NATO defence ministers will meet in Seville on Thursday to step up preparations for an expected spring assault by Taliban insurgents on alliance forces in southern Afghanistan.
With the Taliban reportedly gearing up for more attacks on NATO soldiers in the warmer months ahead, alliance governments are under pressure to increase troop and aid contributions to their 34,000-strong Afghan operation.
"It is important we do our work now... to root out Taliban safe havens, strengthen (military) operations and border controls," said a senior US official, speaking on condition of anonymity.
Defence ministers must ensure that 2007 can be a "better year" for Afghanistan, the US official insisted, referring to the massive death toll in the country last year when 4,000 people - including 170 foreign troops - were killed in battles with Taliban forces.
The call for a revised alliance strategy for battling Taliban insurgents will be made by General John Craddock, the new supreme allied commander Europe, who has been to Afghanistan twice since taking over NATO command earlier this year.
The US is also piling up the pressure for a stronger NATO effort in Afghanistan.
"If we do have a spring offensive, it must be by the Afghan government and NATO," the US official told reporters, adding: "We are asking every ally to look at 2007 as an opportunity...to turn a positive corner in Afghanistan."
The message is likely to be hammered home at the Seville meeting by US Secretary of Defence Robert Gates, attending his first NATO ministerial meeting.
A similar plea for bolstering NATO's Afghan operation was made in Brussels last month by US Secretary of State Condoleezza Rice who called for a "comprehensive" alliance blueprint for Afghanistan, including a boost in troop levels, more development aid and stronger counter-narcotics efforts.
Taking the lead, the US has said it intends to spend $10.6 billion to beef up Afghanistan's army and police forces and invest in infrastructure projects. US troop levels in the country are being increased by 3,000 soldiers.
But Washington's plea for more troops - and more assistance - for the war-racked country has met with a mixed response in other NATO capitals.
Britain has said it will add a further 800 troops to its contingent in the most volatile regions in southern Afghanistan.
But other major allies, including France, Spain, Italy and Turkey, with soldiers in the Afghan mission have signalled they will not send more soldiers to the country in the immediate future.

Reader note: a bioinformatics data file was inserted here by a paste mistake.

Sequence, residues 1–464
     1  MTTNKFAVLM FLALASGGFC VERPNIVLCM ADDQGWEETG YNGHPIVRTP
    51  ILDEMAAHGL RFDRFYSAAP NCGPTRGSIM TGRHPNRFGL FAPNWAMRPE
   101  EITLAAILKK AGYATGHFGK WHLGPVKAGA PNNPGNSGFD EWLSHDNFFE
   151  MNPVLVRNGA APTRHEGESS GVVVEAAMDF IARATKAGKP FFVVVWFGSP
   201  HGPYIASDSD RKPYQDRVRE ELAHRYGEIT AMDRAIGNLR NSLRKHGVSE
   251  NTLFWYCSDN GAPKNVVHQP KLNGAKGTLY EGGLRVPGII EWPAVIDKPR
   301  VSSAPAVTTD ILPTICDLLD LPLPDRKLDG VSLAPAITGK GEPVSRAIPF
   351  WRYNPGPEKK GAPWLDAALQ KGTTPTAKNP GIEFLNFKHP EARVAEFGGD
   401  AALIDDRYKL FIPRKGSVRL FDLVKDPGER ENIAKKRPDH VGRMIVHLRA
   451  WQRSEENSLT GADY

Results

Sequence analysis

Germany has said it plans to deploy Tornado jets for surveillance with NATO forces in Afghanistan but the fighter aircraft will be barred from any combat activities.
If approved by the German parliament, Tornado pilots will be authorised to provide intelligence for NATO attacks on Taliban formations but will not be allowed to use their bombs or missiles to carry out attacks, according to German officials.
Germany has about 2,700 troops serving with the 35,000-member NATO force in Afghanistan. But German troops are mainly restricted to serving in relatively peaceful northern Afghanistan, and Chancellor Angela Merkel has rejected calls for them to take part in fighting in the southern part of the country.
NATO insists that it has enough troops in Afghanistan to counter any Taliban spring offensive and that as such ministers in Seville will not be engaging in an effort to generate forces.
However, any offer of more soldiers by allies would be "welcomed with open arms", said a NATO official.
The focus would also be on training and equipping the Afghan national army and police force and increasing efforts to fight drug trafficking, the official added.
Separately, ministers are expected to voice the alliance's determination to ensure stability in Kosovo during the months ahead, following UN envoy Martti Ahtisaari's proposal for a final status "settlement package" for the Serbian breakaway province.
In addition, Russian Defence Minister Sergei Ivanov is likely to use the meeting to voice Moscow's concern at US moves to widen its anti-missile defence system by locating a base with 10 interceptor missiles in Poland and a radar system detecting threats in the neighbouring Czech Republic.
US officials insist that the plan is not a threat to Russian security but admit that they expected Ivanov in Seville to express his views with "candour".